As I write, dear Reader, I am sitting on the balcony of the three-story art-deco home that I had the perspicacity to buy in the mid-1970s for thruppence when the university was little more than an untidy collection of semi-converted farm outbuildings running Latin evening classes. The balcony looks out over the university campus, and is the perfect size for my long-range telescope.

Today, swarming around the marigold-infested base of the Humanities Beacon, is the new intake of students. They arrived yesterday, lost and bewildered after being deposited on campus by their relieved loving parents.

I have decided to address them, in my capacity as Head of Runeology.

My companion (ever-sympathique!) has brought me my morning crème de menthe, today’s post (a letter from the National Driver Offender Retraining Scheme), and a megaphone.

I am ready.

I turn the megaphone on.

A terrible screech fills the air. The students pause in their pointless milling.

‘New Student Intake 2013’, I begin (my voice rolls magnificently through the valleys of the campus).

The students are gazing around in dull-witted fashion.

‘Welcome those taking Runeology 101’, I say.

‘Greetings to our new friends across the water, from St-Charles (Illinois), Dickson (Tennessee), Santa Cruz (California), Bethesda (Maryland), Talent (Oregon; no pressure, dear!), Parkersburg (West Virginia), Waltham (Massachusetts), Seattle (Washington), Port Saint Lucie (Florida), Ellicot City (Maryland), Bronx (New York!), Tallahassee (Florida), Fremont (California), Ashburn (Virginia), Ann Arbor (Michigan), from San Antonia, Houston, Spring, and Plano (all from Texas – I feel sure you must know each other already, my dears!), West Yarmouth (Massachusetts), Vancouver (British Columbia), and Montréal (Quebec)!’

The students are looking alarmed.

‘To our friends from closer to home’, I add, ‘from Bristol, Slough, Edinburgh, Dunmow (Essex), Huntingdon, Worcester, Cirencester, Cambridge, Gloucestershire, Chatham (Medway), Langport (Somerset), Telford (Telford and Wrekin), Leyland (Lancashire), Stoke-on-Trent, Coalville (Leicestershire), Macclesfield, Staines-upon-Thames, and of course, Nottingham – welcome!’

One student has had to sit down. The others are fanning her with their iphones.

‘I salute those from further afield!’, I continue. ‘Welcome, new students from Moréac (Bretagne), Lyon (Rhone-Alpes), Jerusalem, Adelaide (South Australia), Johannesburg (Gauteng), Seoul (South Korea), Hanau (Hessen), Bruchköbel (also in Hessen – I hope you two will get along, my dears!), and Amberg (Bayern)!

And last but not least, to the new students from Ireland – from Bodyke (Clare), Dublin, Limerick, and not forgetting Galway – fáilte roimh chuile dhuine!’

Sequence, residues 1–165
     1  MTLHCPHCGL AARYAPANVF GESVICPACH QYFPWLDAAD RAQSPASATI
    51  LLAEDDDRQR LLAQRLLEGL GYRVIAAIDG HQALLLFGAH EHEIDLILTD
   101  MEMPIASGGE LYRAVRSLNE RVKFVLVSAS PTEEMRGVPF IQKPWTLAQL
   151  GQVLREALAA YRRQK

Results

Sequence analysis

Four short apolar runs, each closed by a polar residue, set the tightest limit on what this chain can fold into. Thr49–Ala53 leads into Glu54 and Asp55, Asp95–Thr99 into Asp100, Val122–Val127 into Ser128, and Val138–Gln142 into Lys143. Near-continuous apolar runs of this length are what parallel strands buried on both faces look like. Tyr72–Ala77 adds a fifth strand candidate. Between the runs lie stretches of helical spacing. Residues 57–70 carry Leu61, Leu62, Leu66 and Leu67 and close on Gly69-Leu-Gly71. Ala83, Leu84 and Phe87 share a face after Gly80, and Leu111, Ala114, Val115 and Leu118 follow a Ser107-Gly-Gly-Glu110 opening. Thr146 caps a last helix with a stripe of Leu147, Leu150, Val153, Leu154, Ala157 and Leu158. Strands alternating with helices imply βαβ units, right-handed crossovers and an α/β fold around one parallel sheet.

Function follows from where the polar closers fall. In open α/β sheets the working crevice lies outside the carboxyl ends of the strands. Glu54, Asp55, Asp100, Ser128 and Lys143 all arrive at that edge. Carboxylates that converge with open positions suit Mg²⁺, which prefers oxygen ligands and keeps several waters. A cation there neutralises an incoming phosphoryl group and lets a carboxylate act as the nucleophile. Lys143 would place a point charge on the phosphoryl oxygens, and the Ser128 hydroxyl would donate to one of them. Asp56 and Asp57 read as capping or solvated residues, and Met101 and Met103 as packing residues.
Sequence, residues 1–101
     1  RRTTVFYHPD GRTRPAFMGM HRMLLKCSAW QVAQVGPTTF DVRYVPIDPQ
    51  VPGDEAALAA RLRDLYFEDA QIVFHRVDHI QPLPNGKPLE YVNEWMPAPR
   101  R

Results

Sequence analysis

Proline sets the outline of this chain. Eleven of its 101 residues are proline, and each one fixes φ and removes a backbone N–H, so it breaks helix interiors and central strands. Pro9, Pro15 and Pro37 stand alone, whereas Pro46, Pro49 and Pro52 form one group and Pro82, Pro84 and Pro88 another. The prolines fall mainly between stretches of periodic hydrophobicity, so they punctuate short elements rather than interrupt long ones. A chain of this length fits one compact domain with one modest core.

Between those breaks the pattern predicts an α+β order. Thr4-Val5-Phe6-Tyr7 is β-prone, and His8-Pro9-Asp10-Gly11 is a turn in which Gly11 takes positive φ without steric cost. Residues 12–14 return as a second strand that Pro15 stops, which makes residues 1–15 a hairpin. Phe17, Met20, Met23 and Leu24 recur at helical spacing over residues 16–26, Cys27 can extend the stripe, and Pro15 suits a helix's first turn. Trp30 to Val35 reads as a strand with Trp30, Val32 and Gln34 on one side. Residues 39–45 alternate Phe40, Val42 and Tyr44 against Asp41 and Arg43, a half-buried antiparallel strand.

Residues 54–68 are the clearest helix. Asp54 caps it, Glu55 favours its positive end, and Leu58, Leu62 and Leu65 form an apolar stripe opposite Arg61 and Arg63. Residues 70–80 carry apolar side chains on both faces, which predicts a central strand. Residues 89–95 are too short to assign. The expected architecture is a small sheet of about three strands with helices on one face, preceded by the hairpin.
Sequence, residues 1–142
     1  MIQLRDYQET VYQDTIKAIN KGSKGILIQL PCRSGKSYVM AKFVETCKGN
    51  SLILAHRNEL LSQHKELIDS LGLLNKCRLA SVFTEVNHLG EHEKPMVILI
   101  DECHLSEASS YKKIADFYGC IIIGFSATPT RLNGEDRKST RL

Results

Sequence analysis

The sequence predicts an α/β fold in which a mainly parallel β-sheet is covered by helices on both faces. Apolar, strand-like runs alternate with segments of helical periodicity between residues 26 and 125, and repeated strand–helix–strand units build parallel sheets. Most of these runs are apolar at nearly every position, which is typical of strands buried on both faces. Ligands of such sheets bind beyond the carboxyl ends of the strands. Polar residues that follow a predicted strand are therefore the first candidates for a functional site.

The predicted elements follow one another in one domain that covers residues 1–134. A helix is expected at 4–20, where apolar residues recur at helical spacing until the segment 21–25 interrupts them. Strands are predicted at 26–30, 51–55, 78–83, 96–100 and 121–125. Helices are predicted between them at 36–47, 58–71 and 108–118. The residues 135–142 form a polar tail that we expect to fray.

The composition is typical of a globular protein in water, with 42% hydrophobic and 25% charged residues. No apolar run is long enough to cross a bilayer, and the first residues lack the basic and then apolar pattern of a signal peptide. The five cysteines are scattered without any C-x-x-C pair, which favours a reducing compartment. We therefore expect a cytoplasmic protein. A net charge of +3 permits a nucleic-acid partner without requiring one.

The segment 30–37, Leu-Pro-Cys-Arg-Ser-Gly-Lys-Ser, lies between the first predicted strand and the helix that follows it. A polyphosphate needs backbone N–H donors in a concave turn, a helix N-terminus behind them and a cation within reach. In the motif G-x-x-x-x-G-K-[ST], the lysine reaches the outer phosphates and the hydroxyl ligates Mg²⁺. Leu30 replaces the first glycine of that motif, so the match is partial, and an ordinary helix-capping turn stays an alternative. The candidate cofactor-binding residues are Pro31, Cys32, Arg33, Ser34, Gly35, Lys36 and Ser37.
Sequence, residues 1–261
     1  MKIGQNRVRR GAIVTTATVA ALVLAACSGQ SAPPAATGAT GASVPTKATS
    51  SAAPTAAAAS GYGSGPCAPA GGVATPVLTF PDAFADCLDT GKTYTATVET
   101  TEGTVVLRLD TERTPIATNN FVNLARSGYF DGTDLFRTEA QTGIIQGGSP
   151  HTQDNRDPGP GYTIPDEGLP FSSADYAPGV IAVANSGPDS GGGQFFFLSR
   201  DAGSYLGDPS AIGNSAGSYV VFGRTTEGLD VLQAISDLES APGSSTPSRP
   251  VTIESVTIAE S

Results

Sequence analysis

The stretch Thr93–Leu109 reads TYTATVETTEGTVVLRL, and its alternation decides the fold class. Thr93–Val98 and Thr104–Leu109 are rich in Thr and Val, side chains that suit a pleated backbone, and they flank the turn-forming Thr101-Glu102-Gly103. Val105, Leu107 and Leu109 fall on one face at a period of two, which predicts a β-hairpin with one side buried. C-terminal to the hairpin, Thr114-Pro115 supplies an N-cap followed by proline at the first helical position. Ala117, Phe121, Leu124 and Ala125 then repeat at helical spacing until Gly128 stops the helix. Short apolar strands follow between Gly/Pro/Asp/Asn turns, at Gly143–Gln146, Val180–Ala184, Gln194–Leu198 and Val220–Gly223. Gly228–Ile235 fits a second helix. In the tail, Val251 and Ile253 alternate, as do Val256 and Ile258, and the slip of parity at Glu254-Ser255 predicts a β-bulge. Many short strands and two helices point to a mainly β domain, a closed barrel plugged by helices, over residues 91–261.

The students have now clumped together in a protective formation known to the Romans as ‘the turtle’.

‘Do not bother me with trivialities about your timetable, exam revision, or how to pronounce your hometown correctly. I am just reading from the list given to me by the NSA admin staff.

You will get no trouble from me’, I conclude, ‘as long as you follow my rules.’

I turn my megaphone off.

Welcome to the new academic year, dear students.

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5 thoughts on “Urbi et Orbi

  1. So much for leaving academia, Ada. I hope my cousin Ethel, from Bethesda (Maryland), will not give you too much trouble. Her stalking tendencies seem to have been partially contained by the new diet.

    1. Ah, it’s the small print, dear Mise, the small print. My redundancy agreement does not come into force for some months. What else can I do but devote myself entirely to my students in the meantime? PS. I have invited Ethel to a little soirée for first-year tutees – I do hope the sherry will not disrupt her delicate metabolism. PPS. I shall of course continue to prepare myself – and those dear Readers who might similarly be trembling on the very brink of liberation – for the entrepreneurial future.

  2. Rules? What are the rules? I would like to know the parameters before committing to anything so enigmatic as runeolgy. Great Aunt Brunhilde warned me not to go rattling any of the skeletons in our Viking closet.

    1. No, I definitely have you on my list of first years, Ms End. But rest assured, you will be following a path trodden by great men and women. Ah, Brunhilde. Brunehilde Coriander von End, of the Illinois Ends, I believe. I remember her well – such a promising young researcher! What a pity it was about her and the Hnaef dig scandal.

      1. According to family tradition, poor Brunhilde was falsely implicated by old Ad Hoc of the Frisian Haki Sackers – those miserable marauders – but that was ages ago and we Enders bear them no malice.

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